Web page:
Ring a Ding Ding
I recal when the contemporary Phone Booth came out a few years ago, many viewers complained that the entire movie takes place in that dang phone booth. Jump back about 60 years and Hitchcock gave us a masterpiece that persists entirely in a Lifeboat.
Starting after an explosion when a ship and U-boat sink each other, we meet the various characters as they clamor into a lifeboat. The 10 characters represent all walks of life. From a glamorous reporter in Tallulah Bankhead, to a distraught mother whose baby dies, a sailor with a gangrenous leg, and a Nazi soldier. The German character presents the conflict in the story as the other passengers are unsure if he can be trusted. Indeed, he is hiding a flask of water and compass and will lead the boat towards a Nazi vessel. The characters are all very different, and what starts out as a good-natured jaunt turns into tense hatred among the characters as rations dwindle and exhaustion sets in.
The story is credited to John Steinbeck who wrote a novelette for Hitchcock of which the director was not too fond. Like most Hitchcock films, the story would be worked on my multiple parties but only one or two would be credited on screen. In this case, Steinbeck got the billing even though studio writer Jo Swerling wrote the screenplay, relying minimally on the novelette. After a year of writing and casting, trouble started with the Office of War Information. Officials said the story offered the depiction of Americans the Nazi propagandists like to promote and the German character is the only hero. Yet somehow Hitchcock’s script survived and was nominated for Best Screenplay (in addition to Best Cinematography and Best Director).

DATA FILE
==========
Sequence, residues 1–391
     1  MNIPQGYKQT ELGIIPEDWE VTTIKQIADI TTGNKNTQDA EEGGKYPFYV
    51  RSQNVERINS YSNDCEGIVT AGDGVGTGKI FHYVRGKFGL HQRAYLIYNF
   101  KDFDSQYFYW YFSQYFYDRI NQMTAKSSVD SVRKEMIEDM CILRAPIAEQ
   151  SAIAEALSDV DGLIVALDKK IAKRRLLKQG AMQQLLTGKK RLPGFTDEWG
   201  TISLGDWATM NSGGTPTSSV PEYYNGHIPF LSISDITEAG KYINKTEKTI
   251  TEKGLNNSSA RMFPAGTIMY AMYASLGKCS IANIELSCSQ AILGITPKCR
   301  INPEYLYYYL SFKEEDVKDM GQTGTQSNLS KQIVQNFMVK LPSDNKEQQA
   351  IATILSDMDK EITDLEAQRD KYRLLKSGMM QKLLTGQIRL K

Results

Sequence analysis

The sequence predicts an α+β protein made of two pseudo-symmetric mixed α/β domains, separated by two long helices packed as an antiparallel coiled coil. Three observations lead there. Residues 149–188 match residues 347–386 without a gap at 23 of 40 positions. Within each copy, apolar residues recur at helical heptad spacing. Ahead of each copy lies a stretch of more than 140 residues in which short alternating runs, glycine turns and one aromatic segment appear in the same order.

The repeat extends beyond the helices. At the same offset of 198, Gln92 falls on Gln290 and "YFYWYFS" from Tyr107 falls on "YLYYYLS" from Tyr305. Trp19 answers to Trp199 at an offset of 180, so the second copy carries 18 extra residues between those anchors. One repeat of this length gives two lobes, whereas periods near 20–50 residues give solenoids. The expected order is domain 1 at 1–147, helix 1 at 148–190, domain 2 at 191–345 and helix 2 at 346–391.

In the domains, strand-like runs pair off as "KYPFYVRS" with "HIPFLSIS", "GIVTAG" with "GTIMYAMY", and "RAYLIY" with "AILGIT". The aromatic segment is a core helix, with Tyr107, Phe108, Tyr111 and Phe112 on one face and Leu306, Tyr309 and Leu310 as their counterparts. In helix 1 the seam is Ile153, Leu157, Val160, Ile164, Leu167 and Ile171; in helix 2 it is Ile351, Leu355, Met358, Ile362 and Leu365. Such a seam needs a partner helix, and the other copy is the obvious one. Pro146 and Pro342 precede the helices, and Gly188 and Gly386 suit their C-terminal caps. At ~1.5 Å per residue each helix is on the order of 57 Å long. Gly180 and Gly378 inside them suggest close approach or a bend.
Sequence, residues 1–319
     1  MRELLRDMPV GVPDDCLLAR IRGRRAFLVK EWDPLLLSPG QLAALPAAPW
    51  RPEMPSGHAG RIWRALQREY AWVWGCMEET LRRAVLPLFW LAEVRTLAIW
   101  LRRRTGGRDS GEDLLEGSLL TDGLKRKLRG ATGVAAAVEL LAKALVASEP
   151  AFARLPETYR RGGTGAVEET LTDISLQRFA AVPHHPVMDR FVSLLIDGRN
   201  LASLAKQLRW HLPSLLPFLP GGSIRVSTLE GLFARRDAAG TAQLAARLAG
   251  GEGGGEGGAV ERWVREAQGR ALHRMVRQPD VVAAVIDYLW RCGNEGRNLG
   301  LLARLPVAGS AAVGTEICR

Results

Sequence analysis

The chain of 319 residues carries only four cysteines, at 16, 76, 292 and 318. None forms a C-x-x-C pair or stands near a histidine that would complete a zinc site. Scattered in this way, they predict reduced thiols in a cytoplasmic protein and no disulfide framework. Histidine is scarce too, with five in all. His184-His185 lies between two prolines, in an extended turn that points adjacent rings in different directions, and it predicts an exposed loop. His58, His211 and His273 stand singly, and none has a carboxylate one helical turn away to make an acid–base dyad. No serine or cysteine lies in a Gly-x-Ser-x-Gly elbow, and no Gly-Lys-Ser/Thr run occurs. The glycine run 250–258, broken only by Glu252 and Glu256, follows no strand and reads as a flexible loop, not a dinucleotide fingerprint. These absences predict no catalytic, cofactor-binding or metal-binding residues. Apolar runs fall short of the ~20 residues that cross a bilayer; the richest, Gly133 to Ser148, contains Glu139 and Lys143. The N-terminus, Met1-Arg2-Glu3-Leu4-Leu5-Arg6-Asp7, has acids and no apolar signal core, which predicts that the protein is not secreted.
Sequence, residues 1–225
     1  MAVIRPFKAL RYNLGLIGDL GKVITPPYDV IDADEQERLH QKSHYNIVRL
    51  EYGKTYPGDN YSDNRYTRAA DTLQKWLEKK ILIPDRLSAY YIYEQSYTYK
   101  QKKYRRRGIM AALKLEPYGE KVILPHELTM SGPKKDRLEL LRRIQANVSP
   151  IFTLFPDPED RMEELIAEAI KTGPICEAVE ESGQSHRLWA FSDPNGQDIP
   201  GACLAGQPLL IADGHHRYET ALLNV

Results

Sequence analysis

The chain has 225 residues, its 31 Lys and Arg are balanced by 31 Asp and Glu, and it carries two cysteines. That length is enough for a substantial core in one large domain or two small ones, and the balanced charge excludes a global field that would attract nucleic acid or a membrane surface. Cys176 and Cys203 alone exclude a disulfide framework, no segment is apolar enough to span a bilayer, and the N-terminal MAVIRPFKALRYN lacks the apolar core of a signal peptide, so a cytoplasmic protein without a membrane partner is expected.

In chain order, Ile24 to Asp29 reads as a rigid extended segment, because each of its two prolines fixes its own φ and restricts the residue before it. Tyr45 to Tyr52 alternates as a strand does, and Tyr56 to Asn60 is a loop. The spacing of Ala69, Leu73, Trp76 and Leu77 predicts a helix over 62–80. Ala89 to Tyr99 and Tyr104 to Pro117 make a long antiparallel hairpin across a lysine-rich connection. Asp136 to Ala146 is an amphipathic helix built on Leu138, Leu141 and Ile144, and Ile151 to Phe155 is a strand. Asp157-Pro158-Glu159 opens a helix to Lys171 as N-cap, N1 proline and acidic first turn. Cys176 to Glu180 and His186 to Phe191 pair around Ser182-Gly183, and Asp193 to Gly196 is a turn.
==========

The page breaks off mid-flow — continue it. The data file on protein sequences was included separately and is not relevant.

Bankhead, who was famous for her stage work but had done notoriously poor in films, was Hitchcock’s ideal actress for the role of Connie Porter. The character was developed with bits of Bankhead’s personality, although not the part the cast and crew saw on the set. Apparently adverse to undergarments, Bankhead often lifted her skirt or spread her legs on screen and off, disconcerting crew members and cameramen. Hitchcock’s response to complaints was: “This is not for me to handle. We shall call the hairdresser.”
The MacGuffin: Given the entire motivation of the story is survival, there is no MacGuffin propelling the plot.
Where’s Hitch? With the action confined to a boat, Hitchcock clearly could not just walk by to make his cameo appearance. Instead, he appears in an ad for a weight-loss product, complete with before and after shots of the director who around the time had lost significant weight.
Source: Alfred Hitchcock: A Life in Darkness and Light by Patrick McGilligan
I will be posting reviews of Hitchcock movies every hour ending at 8 p.m. today, but other members of the Classic Movie Blog Association, which is hosting the blogathon, have plenty to offer also. Links to their articles is up at the CMBA site. Check them out!